There were no between-group differences in memory changes with time; however, there were several significant within-group changes for both KY and MET (see Table 2). At 12 weeks, both the KY and MET groups showed significant within-group improvements in immediate and delayed recall verbal memory (WMS Logical Memory; ES (KY) = 0.95, 0.96; ES (MET) = 1.06, 0.59) and visual memory (Rey-O; ES (KY) = 0.54, 0.48; ES (MET) = 0.64, 0.72). Only the MET group showed significant improvement in verbal memory (HVLT; ES (MET) = 0.54, 0.46). The change in HVLT scores over time is shown in Figure 2.
At 24 weeks, significant within-group improvements were noted for both the KY and MET groups in WMS Logical Memory immediate recall (ES (KY) = 0.98; ES (MET) = 1.18) and on the Rey-O 3-minute (ES (KY) = 0.39; ES (MET) = 0.82) and 30-minute visual memory (ES (KY) = 0.75; ES (MET) = 0.76). However, only the KY group showed sustained significant improvements on other measures, including WMS Logical Memory delayed recall (ES (KY) = 0.65) and HVLT total (ES (KY) = 0.54).
The two intervention groups differed significantly (F(2,74) = 3.24, p =0.04) in their change in Trails B scores both at 12 weeks (t(74) = 2.27, p = 0.03; effect size, ES= -0.46) and at 24 weeks (t(74) = 2.16, p = 0.03; ES = -0.75) follow-up post-intervention, favoring the KY group. While change in no other executive functioning scores reached significance for the between-group comparisons, there were several significant within group changes for KY, as shown in Table 2.
Only the KY group showed significant improvement in Stroop Word-Color Task (ES (KY) = 0.71), Trails B (ES (KY)= -0.46) and Animals (ES (KY) = 0.41)) at week 12. Further, only the KY group showed sustained significant improvements on Stroop Color-Word (ES (KY) = 0.60), Trails B (ES (KY) = -0.75) and Animal Naming (ES (KY) = 0.54) at 24 weeks.
Significant within-group improvements were obtained for both the KY and MET groups in apathy (AES: ES (KY) = 0.52; ES (MET) = 0.89) at 12 weeks. Only the KY group showed significant improvements in depression ratings (GDS: ES (KY) = -0.62) and resilience (CDRISC: ES (KY) = 0.40) at 12 weeks. At 24-weeks post-intervention, the MET group showed sustained significant improvement in apathy (ES (MET) = 0.87), and the KY group showed sustained significant improvement in depression (ES (KY) = -0.54). No between-group comparisons reached statistical significance. Changes in GDS and CD-RISC scores over time are seen in Figures 3 and and44 and Table 3.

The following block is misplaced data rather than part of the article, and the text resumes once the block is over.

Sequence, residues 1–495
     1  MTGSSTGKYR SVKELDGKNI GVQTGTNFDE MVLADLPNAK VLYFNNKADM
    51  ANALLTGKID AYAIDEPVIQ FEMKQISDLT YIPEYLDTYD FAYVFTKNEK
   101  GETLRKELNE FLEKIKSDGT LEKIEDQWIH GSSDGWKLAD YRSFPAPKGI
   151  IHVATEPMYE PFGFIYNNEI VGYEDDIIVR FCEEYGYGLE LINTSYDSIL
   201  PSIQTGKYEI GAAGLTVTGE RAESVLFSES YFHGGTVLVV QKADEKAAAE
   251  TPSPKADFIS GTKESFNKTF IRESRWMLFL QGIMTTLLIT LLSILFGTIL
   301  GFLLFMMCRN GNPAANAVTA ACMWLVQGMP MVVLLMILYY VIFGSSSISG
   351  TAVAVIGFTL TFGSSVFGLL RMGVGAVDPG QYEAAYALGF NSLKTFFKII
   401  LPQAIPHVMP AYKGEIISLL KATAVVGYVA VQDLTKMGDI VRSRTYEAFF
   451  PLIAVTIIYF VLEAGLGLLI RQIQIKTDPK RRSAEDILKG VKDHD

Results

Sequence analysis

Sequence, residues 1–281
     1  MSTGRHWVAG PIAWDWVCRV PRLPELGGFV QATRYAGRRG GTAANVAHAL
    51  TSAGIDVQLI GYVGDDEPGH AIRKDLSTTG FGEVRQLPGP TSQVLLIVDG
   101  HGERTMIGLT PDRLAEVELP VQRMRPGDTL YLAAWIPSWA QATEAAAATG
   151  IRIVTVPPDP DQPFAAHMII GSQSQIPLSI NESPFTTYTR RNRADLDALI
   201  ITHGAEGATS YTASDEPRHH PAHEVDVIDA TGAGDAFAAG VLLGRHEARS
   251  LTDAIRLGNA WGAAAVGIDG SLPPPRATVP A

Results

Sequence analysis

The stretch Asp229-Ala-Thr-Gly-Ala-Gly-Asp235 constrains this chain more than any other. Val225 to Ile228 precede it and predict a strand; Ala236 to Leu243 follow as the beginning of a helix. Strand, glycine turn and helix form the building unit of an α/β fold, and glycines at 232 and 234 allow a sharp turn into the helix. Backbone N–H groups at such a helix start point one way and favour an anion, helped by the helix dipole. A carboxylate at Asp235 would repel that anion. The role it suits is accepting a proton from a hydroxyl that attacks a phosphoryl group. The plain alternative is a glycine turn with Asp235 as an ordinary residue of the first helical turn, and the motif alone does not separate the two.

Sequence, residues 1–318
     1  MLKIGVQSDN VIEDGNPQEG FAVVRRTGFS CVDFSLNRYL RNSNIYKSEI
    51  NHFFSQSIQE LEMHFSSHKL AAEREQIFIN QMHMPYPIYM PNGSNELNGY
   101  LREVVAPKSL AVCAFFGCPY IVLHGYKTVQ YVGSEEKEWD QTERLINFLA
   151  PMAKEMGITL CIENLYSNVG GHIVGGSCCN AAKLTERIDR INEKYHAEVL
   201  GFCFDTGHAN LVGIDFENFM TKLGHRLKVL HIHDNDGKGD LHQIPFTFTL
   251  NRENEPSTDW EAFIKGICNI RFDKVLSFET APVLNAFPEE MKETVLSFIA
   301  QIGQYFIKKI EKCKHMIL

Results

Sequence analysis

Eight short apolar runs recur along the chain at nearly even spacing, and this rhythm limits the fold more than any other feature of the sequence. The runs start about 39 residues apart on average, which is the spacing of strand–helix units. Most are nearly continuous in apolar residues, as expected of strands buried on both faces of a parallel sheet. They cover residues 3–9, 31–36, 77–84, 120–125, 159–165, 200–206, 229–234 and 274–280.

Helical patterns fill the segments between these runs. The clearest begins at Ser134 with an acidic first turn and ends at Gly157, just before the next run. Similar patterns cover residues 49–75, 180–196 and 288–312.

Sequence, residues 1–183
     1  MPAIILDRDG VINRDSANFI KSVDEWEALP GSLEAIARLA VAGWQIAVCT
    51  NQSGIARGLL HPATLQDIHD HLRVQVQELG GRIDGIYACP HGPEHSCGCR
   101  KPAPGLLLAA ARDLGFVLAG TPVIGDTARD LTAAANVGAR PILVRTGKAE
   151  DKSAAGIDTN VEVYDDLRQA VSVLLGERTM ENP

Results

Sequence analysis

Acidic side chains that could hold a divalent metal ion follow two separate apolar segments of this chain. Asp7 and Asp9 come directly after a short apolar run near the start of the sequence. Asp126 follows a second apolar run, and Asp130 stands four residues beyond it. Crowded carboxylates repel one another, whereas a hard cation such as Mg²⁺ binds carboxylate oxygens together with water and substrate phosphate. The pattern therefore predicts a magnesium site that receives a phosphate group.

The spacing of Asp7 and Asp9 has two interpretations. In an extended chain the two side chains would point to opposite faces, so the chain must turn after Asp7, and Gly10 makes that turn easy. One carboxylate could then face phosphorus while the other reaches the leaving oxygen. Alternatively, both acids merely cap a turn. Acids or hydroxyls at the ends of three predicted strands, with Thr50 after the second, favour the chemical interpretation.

This is the first RCT to explore the effects of KY in comparison to MET in an MCI cohort. In summary, the study found that KY had similar effects of memory, with additional beneficial effects on executive functioning and mood symptoms. These findings were consistent with our hypotheses.
There is a relative dearth of studies examining yoga and its effects on memory enhancement (Marciniak et al., 2014). We are not aware of previous studies exploring KY yoga in MCI patients. One main study of which we are aware explores the effects of yoga and exercise in 135 healthy men and women aged 65–85 years (Oken et al., 2006). In this study, participants were exposed to 6 months of Hatha yoga classes, walking classes, or wait-list control; participants were screened with a variety of mood and cognition tests (e.g. Stroop test). Interestingly, after the intervention, there were no effects from either of the active interventions on any of the cognitive and alertness outcome measures. The yoga intervention produced improvements in physical measures (e.g. timed 1-legged standing, forward flexibility), as well as a number of quality-of-life measures related to sense of well-being and energy and fatigue compared to controls. Interesting, a previous pilot study on KK meditation demonstrated activation of the brain areas associated with attention and exclusive functions (frontal area, cingulate cortex), which takes places during the meditation (Newberg et al., 2010).